With social distancing guidelines in place, many Americans are moving their workouts outside to stay active and to get some fresh air. It’s important to understand that working out in hot and humid weather can put extra stress on your body.
If you’re not careful when exercising, you’re at risk for serious illnesses, including heat cramps, heat exhaustion, and heat stroke. That shouldn’t deter you, though, as experts recommend at least 150 minutes of moderate aerobic activity each week.
Keep in mind these tips to safely exercise in the summer heat:
- Avoid the hottest part of the day – if possible, plan your workout before 10AM or after 3PM to dodge those strong sun rays.
- Wear light-colored clothing – dark colors absorb the heat, while light colors will reflect the sun. Lightweight, loose-fitting clothing will help air circulate and keep you cool.
- Apply sunscreen – opt for a broad-spectrum sunscreen that’s at least 30 SPF. Reapply every two hours, even if the label says it’s sweatproof. Wearing a wide-brimmed hat can also protect your face from sun exposure.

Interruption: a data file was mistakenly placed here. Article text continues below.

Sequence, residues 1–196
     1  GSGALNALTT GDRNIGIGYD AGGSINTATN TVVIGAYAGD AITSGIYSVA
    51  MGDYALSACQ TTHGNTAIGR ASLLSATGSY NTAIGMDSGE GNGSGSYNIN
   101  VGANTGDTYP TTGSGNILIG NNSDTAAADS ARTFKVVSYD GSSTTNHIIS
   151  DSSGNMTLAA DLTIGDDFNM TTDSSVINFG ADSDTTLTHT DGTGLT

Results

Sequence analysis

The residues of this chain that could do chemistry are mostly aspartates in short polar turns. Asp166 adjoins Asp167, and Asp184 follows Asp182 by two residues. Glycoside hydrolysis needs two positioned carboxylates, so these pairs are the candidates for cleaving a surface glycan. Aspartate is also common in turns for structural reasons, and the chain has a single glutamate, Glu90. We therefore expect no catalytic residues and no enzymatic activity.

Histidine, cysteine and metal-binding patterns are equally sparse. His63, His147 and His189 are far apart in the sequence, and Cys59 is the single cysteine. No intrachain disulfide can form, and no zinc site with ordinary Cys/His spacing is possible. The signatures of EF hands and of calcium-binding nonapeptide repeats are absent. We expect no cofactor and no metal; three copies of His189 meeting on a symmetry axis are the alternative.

- Stay hydrated with water – drink water before you head out, and try to take sips every 15 minutes during your workout, whether you are thirsty or not.
- Replenish your electrolytes – instead of reaching for a sports drink, consider replacing electrolytes through real foods like chia seeds, kale, coconut, or fruits and vegetables.
- Listen to your body – if you’re feeling dizzy, faint, or nauseated, stop activity immediately. Take a seat in the shade and drink some water until you’re feeling better. Watch for symptoms of heat-related illness.
If you’re not used to the heat and humidity, ease up on your outdoor workouts. Your body may need to adapt, so follow its lead and gradually pick up the pace or intensity. Although you may be sweating before the workout begins, go easy on yourself and accept that you may have to adjust your exercise program as it moves outdoors.
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